Deep Dive: The Bones of J.R. Jones, “Ones To Keep Close”

One of my favorite new albums comes by way of the Catskills, courtesy of Jonathan Robert Linaberry.  Linaberry, aka The Bones of J.R. Jones, feels like a man out of time, which is not to say his time is coming. Rather, it’s a premonition that he would be at home in several eras come before us. Had we been wandering past an old juke joint in upstate New York in 1954, this music and this man would likely have poured forth from it.

Ones To Keep Close is a mixture of American heritage as we like to think of it: soulful, somewhat sorrowful and blue collar, bare-handed but determined. “Sinner’s Song” has an Irish folk backbone, and “Please” draws on gospel structures as effectively as a Baptist preacher. One of my favorites hits us three tracks in. “Slow Down” has a remarkably seductive pace, starting out with just J.R. and his guitar until the base and the ivories kick in at 1:00, followed by haunting backup vocals a few seconds later. This is a slow burn, fired by a grunged guitar solo at 2:20 that slowly fades to nothing. J.R. Jones has America in his bones.

“Slow Down” slides into one of the strongest songs on the album, “Know My Name.” This song is just so smooth, traditional at heart but edged by funk, it’s begging to be showcased on an indie soundtrack. And “Die Young,” where J.R. slows down with melancholy softness, is the perfect compliment to the summer that’s surely coming. It’s been a long time since I’ve loved an album this purely, and I’m so glad to have found it now. ‘Tis truly one to keep close.

Album Review: Villagers

Hailing from Dublin, Ireland, Villagers is the critically acclaimed brainchild of thirty-something Conor J. O’Brien. Although the outfit has  been around since 2008, it’s REALLY been around since the 2010 album Becoming A Jackal became bonkers popular and jettisoned the band onto an exhaustive tour that lasted for two years.

In a 2013 interview with Neil McCormick of The Telegraph, frontman O’Brien discussed tour fatigue and his struggles as a songwriter, criticizing his post-tour work as lacking in depth. He ruminated, “I felt, in a very childish way, I had romanticized sadness, and I was using the music to wallow.” This is understandable given the fact that he was coping with a family tragedy, but it’s also a common occurrence; how often have we penned a poem or sought a song for immersion, to validate our feelings but also give them authenticity in a time of crisis? Particularly with the loss of a loved one, it’s sometimes hard to let the pain go because, in doing so, it feels as though you’re that much further from the one you lost.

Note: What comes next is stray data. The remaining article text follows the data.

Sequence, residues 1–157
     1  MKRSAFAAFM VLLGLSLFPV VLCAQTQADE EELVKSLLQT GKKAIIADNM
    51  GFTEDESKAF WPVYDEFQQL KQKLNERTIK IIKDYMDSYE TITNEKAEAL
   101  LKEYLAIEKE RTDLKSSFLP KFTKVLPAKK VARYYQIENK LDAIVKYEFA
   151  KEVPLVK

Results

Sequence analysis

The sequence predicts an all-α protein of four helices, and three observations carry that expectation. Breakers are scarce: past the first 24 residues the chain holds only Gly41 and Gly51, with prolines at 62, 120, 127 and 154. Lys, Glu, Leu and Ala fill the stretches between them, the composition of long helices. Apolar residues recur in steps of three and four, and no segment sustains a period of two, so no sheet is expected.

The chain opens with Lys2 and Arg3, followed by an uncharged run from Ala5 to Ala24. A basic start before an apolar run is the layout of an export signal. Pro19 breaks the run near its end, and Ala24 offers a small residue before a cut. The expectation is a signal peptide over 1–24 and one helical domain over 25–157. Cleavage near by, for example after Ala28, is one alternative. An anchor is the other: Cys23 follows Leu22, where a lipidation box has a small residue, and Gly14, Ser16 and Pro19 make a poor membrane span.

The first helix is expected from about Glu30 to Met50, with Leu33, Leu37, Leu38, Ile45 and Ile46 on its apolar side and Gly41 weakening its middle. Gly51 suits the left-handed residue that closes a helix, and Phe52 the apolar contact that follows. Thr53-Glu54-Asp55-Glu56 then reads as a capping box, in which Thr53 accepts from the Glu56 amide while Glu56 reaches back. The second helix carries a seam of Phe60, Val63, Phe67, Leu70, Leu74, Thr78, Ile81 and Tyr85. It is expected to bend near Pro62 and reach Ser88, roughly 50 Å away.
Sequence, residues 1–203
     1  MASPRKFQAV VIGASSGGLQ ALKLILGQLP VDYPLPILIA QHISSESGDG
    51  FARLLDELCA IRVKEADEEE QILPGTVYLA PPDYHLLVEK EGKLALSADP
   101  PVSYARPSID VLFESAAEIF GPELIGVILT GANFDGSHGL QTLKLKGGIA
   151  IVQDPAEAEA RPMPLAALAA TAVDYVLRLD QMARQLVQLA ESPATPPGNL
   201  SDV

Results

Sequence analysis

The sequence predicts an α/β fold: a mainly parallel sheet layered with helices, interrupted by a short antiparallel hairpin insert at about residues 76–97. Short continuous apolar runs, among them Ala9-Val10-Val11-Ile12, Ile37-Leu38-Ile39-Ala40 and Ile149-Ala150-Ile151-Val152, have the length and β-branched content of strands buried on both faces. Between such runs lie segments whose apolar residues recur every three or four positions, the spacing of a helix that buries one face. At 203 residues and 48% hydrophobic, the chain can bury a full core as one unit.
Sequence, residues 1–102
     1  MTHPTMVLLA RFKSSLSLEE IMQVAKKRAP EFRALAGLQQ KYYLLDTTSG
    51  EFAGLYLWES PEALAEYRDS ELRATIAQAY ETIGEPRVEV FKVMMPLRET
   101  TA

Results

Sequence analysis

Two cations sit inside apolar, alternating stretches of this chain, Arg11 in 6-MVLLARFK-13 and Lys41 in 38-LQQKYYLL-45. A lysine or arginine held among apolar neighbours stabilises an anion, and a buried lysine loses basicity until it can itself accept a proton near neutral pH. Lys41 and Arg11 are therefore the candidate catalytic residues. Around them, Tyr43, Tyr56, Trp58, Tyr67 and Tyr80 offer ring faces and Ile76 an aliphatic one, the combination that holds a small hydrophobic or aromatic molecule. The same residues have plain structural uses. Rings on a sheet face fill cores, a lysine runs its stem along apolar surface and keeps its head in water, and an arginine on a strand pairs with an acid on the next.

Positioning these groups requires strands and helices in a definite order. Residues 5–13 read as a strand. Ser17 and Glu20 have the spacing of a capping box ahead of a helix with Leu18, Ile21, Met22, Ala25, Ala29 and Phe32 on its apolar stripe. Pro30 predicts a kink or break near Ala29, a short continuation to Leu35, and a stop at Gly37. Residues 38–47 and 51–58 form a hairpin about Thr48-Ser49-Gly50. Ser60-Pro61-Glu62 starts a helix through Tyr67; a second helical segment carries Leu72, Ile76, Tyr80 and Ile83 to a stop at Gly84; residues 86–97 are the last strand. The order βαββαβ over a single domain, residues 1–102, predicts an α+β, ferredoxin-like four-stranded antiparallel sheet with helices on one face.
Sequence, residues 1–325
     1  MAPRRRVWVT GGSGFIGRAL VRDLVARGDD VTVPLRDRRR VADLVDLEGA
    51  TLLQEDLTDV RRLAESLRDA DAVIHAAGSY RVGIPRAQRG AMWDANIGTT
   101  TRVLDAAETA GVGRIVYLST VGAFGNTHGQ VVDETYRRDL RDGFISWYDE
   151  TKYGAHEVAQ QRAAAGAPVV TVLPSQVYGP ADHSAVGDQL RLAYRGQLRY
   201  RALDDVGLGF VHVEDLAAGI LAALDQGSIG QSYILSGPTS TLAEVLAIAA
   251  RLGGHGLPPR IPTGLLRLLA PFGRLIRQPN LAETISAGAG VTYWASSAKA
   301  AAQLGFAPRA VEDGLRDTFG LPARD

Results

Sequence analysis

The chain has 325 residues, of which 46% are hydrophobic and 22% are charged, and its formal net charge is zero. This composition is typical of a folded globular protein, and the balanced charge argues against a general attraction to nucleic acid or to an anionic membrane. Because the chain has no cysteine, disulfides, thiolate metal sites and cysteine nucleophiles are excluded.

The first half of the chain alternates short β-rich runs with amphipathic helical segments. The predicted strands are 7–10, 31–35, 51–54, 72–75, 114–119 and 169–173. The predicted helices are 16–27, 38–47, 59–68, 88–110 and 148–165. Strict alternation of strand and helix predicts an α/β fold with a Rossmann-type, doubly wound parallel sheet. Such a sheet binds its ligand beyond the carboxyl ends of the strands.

His newest work, however, shows a remarkable amount of maturity–one that uses loss as an underpinning instead of as a focal point. While the overarching tenor of Darling Arithmetic is pensive and bends toward sadness, it never actually breaks under the weight. True, the album has its melancholic valleys (“No One To Blame”), but it also peaks frequently with optimism as the lyrics offer measured notes of hope. Not the kind of hope that grows blindly in a vacuum of naiveté, but one that is fought for and found, one that pays homage to and draws strength from the paths we forge together and sometimes alone. In “Courage”, the album’s opening track, O’Brien sings:

Do you really want to know about these lines on my face? Well each and every one is testament to all the mistakes I’ve had to make to find…Courage, it’s a feeling like no other, let me tell you, yeah. Courage, in harmony with something other than your ego. Courage, the sweet relief of knowing nothing comes for free.

In that same Telegraph interview, O’Brien relates how he came out of his writing slump by using synthetic instruments and experimenting with “ambient soundscapes.” Most poignantly, he notes his inspiration from Carl Sagan “to put the story of the evolution of human intelligence into a personal perspective.” This, perhaps more than any other sentence, describes his effort on Darling Arithmetic for meWhether describing a hot scary summer or chameleon dreams, the full breadth of the human experience can be found somewhere on this album if you’re receptive to looking because, in a very intimate and personal way, this album is about being part of something much bigger than ourselves.

Throughout listening I could not help but to recall the words of a favorite poet, W.H. Auden, in his poem The More Loving One, which I’ll leave you with here to chew on:

Looking up at the stars, I know quite well

That, for all they care, I can go to hell,

But on earth indifference is the least

We have to dread from man or beast.

How should we like it were stars to burn